Thousands of women across New Zealand have marched to urge parliament to remove abortion from the Crimes Act.
Prime Minister Jacinda Ardern believes the time for law reform has arrived, following a parliamentary report recommending abortion services be provided in New Zealand like other health services.
"The time is absolutely now," Ms Ardern said.
The committee's report - which drew more than 25,000 submissions - prompted women's rights supporters to return to the streets in Auckland, Wellington, Christchurch and Dunedin as part of organised rallies.
While making the case for decriminalisation, Kiwi women have shared stories about the difficulty of accessing abortions.
That includes navigating protesters outside medical clinics and ongoing referrals from doctors who may not wish to provide the service.
"There's a totally unacceptable delay in women accessing abortion services," Abortion Legislation Committee chair, and Labour MP, Ruth Dyson told AAP.
"I thought access to services was limited (just) in rural areas but what we heard in the select committee is that women were waiting weeks. Some people had to see nine different health practitioners. It's crazy.
"And it's expensive. Time delays can then require more serious intervention; surgical procedures rather than medical. None of it makes sense."
The financial cost is usually coupled with challenging personal circumstances and societal stigma.
Rally organiser Jessie Dennis, from Fem Force-Feminist Action Aotearoa, said the bill didn't give advocates everything they wanted.
Ms Dennis said she supported the right of doctors to opt out of providing abortion services or referrals for personal reasons but women had the right to know whether their health professionals would object.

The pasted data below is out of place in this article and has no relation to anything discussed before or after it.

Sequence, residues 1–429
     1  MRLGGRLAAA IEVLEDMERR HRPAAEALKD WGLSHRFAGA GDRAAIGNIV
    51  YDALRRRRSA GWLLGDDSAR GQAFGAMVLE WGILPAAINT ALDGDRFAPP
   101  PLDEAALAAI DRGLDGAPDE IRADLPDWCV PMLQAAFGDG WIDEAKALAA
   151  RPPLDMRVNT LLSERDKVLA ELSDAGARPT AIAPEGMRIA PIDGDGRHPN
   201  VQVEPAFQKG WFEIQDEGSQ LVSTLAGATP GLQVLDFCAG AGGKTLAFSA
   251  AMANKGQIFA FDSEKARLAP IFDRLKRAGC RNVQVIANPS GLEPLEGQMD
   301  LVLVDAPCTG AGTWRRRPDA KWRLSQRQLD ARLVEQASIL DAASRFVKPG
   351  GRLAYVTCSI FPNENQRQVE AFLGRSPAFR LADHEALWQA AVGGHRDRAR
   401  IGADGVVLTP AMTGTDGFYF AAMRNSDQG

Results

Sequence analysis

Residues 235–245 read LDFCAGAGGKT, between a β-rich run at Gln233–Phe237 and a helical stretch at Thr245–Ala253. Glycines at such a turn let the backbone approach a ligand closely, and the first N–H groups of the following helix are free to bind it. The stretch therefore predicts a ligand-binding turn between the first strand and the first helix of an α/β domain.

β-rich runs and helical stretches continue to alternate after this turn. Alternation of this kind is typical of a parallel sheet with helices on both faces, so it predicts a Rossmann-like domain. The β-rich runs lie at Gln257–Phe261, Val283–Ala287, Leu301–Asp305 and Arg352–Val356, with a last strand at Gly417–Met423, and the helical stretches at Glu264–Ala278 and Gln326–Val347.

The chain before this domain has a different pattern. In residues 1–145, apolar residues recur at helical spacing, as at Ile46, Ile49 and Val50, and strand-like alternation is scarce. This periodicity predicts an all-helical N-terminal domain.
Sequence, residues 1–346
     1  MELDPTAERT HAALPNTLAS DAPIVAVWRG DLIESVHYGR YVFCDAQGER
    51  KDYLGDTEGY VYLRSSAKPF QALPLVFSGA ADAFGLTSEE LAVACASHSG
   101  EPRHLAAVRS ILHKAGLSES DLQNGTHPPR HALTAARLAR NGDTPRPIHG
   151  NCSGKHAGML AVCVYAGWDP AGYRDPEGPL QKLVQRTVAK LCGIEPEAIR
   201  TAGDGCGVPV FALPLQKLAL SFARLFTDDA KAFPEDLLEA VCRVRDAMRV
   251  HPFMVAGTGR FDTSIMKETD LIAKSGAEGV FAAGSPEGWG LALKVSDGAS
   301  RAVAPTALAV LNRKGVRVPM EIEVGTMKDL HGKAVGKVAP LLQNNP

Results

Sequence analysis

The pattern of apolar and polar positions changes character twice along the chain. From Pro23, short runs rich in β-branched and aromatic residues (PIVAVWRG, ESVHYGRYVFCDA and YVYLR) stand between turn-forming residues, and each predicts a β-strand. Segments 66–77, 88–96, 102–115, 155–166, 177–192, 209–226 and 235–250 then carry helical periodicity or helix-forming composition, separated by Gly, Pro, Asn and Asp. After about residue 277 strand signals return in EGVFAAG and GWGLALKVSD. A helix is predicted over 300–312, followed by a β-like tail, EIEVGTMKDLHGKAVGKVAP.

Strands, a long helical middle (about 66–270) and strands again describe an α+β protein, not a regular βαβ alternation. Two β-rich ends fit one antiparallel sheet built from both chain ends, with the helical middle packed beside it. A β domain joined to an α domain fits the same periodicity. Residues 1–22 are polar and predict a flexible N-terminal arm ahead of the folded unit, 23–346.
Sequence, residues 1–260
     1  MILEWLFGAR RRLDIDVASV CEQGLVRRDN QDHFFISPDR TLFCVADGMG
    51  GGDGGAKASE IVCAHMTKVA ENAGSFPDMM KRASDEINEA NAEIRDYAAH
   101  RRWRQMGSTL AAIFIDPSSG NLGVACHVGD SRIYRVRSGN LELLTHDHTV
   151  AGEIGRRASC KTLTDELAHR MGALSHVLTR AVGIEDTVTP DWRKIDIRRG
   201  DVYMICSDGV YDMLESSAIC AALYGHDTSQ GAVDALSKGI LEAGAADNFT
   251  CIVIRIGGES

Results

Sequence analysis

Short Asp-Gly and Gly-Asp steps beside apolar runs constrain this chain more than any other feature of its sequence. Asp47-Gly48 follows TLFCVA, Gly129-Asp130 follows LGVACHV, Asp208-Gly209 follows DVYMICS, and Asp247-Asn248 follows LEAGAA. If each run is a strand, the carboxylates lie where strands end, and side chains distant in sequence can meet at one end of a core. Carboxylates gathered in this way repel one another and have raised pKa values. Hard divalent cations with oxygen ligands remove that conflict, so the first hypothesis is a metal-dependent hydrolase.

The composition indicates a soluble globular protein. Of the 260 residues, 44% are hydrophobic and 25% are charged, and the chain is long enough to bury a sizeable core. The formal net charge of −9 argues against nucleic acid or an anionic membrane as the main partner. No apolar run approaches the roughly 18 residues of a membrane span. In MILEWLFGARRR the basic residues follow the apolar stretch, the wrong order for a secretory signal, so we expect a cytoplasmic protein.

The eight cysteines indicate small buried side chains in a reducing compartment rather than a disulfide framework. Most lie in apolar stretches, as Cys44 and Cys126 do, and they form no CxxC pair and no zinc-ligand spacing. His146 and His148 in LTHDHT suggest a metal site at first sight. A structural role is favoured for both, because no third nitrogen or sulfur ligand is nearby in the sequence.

"As the bill currently stands, health practitioners can still not give reproductive health care. They can object," she said.
"That includes objecting to emergency contraception in cases of sexual violence.
"We think there should be a register where health care providers should have to list whether they are providers so people don't waste their time and money ... and be subjected to a moral lecture."
Presently, New Zealand law asks doctors and patients to perform a charade to gain an abortion.
Two referring doctors must agree - in the absence of severe physical or mental handicap to mother or child, or incest - that "continuing the pregnancy would result in serious danger to the woman's life, or to the woman's physical or mental health".
Terry Bellamak, president of the Abortion Law Reform Association of New Zealand, says the current regime "forced women to lie".
"Ninety-eight per cent of abortions are granted under mental health grounds," she said.
"This is ridiculous and it's been going on for so long."
New Zealand legislators voted by a huge majority - 93 to 24 - to pass the bill on its first reading.
That included a number of MPs who are expected to vote against the reform who wanted to see it go to committee.
The most senior women in every party support the bill.
National deputy leader Paula Bennett argued stopping the procedure was impossible, and so it is up to parliament to make it safe.
"So if the most right-wing, conservative, doesn't agree ... (abortions) would still be happening illegally. And we would be going through what we've seen in past decades, some of the most horrific health treatment," she said.
Labour, National and Greens MPs have been granted a conscience vote, with all eight Greens MPs signalling their support.
The nine New Zealand First MPs could abstain if the issue isn't sent to a referendum - as will be the case with cannabis and euthanasia measures alongside this year's election on September 19.
That could deliver a tight result, although Ms Ardern is confident.
Ms Ardern, who said during the first reading debate it was time "to finally put women's dignity and their rights at the centre of this discussion", sees the bill passing after the committee's report.
"There will be people on both sides of the argument, who won't be 100 per cent happy with the final version of the bill," she said.
"But it is a huge improvement on what we have had in the past and so I do think that will garner the majority support of this house."
Australian Associated Press
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